In addition to setting up this partnership, DCTI has been laying the groundwork for a 140,000-square-foot manufacturing plant that is set to open in Chicago in 2024. The facility will initially employ roughly thirty people to make consumer products for an automotive aftermarket client.
The company’s dizzying pace of growth is even more impressive given its humble roots and roundabout origin. Decades ago, Hill was an executive with Chrysler Corporation when he went to a small business administration convention in place of a Chrysler official who could not attend. While waiting to get credentials at the event, he signed up for a seminar for small companies that wanted to get government work in the chemicals sector.
Next thing he knew, he was being offered the chance to enter this marketplace himself. Hill and a former business partner began manufacturing specialty chemicals and launched DCTI together. At first, the company was based in Hill’s Detroit home and had minimal resources and staff.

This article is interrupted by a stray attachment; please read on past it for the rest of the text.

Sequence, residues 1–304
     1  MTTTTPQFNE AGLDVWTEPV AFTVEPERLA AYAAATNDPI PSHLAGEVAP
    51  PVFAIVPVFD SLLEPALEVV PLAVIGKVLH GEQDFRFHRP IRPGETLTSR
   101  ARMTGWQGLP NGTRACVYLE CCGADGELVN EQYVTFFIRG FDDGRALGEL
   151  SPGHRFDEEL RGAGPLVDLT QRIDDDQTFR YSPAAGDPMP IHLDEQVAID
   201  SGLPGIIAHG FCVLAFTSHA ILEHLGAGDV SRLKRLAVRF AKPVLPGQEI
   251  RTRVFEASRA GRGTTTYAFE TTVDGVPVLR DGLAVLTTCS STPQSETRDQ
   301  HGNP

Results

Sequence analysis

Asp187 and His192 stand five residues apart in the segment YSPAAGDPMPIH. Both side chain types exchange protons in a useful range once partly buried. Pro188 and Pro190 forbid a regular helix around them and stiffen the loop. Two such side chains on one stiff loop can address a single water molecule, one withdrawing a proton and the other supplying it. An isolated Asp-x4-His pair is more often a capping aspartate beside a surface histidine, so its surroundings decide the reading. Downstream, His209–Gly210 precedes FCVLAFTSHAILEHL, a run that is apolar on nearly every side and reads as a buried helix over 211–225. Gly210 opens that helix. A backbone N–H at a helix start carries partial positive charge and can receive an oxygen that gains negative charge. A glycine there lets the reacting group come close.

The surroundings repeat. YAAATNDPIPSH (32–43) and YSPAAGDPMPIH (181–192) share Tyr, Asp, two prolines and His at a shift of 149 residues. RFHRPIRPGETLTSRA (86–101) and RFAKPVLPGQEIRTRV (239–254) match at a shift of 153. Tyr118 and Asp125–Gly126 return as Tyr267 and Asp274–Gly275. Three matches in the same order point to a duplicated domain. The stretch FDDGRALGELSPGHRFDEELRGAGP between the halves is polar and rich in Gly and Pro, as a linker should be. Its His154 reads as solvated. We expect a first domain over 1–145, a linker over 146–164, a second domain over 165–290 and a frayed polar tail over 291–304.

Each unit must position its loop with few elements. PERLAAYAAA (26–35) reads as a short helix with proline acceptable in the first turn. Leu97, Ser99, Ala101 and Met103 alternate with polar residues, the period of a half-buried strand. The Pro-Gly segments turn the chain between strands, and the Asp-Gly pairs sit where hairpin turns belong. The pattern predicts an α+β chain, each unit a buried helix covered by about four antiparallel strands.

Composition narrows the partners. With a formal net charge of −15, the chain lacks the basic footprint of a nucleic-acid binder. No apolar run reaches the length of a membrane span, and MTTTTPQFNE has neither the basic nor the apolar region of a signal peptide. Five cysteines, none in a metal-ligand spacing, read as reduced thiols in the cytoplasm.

Getting a start-up business off the ground is always difficult. Being an African-American-led company in a more openly biased or prejudiced era than today presented additional challenges in terms of gaining markets and financial support. “It was a different world in many respects,” recalls Hill, who notes that the riots that ravaged Detroit took place only a few years before the company’s founding.
The early days were far from glamorous. Hill and his former partner pitched local businesses on homemade floor and toilet cleaners they mixed themselves in a 12,000-square-foot plant. Difficult as things might have been at first, Hill never lost faith.
“This is the United States of America, and there’s no substitute for hard work and confidence in yourself,” he asserts.